Contributions can be made to the reserve fund in many ways, some of which are listed below. You may want to consult a professional advisor to determine the most advantageous program for you and the possible impact of the "alternative minimum tax" which may limit the income tax benefits of your charitable giving. Whether gifts are given now or posthumously, they are a tangible way to perpetuate your interest in the GRC and the future of fundamental science and technology.
When making a contribution to GRC, please indicate the amount in United States dollars.
Further information on any aspect of making a contribution to the Gordon Research Conferences may be obtained by contacting the GRC Director (contact information). We always love to talk with you.
Gifts of Cash
Cash gifts are generally deductible on your income tax return for the year in which the contribution is made (up to 50% of your adjusted gross income). Contributions in excess of this limit can be deducted over a five-year period.
Gifts of appreciated property, such as real estate and securities, can provide especially attractive tax benefits. Donors of common stocks and certain other marketable securities which have appreciated in value, not only benefit GRC but eliminate the capital gains tax on long-term holdings. The donor can deduct the full market value of qualifying securities, up to a maximum of 30% of his/her adjusted gross income in the year of the gift; excess over 30% can be deducted over the next five years. Donating real estate is complex and requires consultation between the parties.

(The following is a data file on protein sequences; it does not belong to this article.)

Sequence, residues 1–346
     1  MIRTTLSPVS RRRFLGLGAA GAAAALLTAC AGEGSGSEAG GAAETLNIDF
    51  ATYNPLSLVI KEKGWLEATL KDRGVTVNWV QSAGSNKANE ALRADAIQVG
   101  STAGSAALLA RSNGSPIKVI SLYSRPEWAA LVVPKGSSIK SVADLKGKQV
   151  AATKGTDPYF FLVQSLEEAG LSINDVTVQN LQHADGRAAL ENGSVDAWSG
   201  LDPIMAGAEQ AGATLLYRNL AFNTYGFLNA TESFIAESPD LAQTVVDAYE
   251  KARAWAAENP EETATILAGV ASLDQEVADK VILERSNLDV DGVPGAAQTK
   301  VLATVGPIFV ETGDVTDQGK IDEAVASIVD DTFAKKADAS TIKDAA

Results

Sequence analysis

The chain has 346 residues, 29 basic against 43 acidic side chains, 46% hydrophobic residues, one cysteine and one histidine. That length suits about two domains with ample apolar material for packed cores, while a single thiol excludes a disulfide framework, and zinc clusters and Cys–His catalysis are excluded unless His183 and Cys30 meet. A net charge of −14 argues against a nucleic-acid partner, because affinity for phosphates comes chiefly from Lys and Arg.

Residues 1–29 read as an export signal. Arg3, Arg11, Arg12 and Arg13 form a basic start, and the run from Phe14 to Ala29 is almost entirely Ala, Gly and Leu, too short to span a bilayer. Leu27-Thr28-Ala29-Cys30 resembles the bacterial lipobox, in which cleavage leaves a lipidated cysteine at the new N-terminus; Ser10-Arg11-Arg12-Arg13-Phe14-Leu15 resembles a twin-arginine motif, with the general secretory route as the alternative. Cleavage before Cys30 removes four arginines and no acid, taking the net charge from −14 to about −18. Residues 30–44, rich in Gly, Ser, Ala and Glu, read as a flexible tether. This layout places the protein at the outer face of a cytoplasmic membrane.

If you have other property, which would be subject to estate taxes at its current market value, and donate in your lifetime, you can take it as an income and gift tax charitable donation. If bequeathed by will, it may be fully deducted in figuring estate and inheritance taxes. GRC can be designated as a direct recipient or as a contingent beneficiary but, as with gifts of real estate, consultation between the parties is essential.
Gifts of "Remainder Interests" in Residences or Farms
Your residence or farm can be deeded to GRC. You retain full rights to the property until you wish to transfer it completely but you receive an immediate income tax deduction and a federal estate tax deduction.
Life-income gifts allow you to assign, in trust, cash securities or other assets to GRC and thus remove them from your estate. These assets are invested to pay income to you or to whomever you designate. Upon the death of the last beneficiary or the expiration of the assigned term (a lifetime or a designated number of years), the assets in trust will go to GRC to be used as you direct. Life-income gifts allow substantial charitable deductions against taxable income in the year the gift originates.
You can choose to name, irrevocably, GRC as the owner and sole beneficiary of a life insurance policy. Not only can you take an immediate income tax deduction for the policy's current value, but premium payments thereafter can be deducted annually as educational contributions.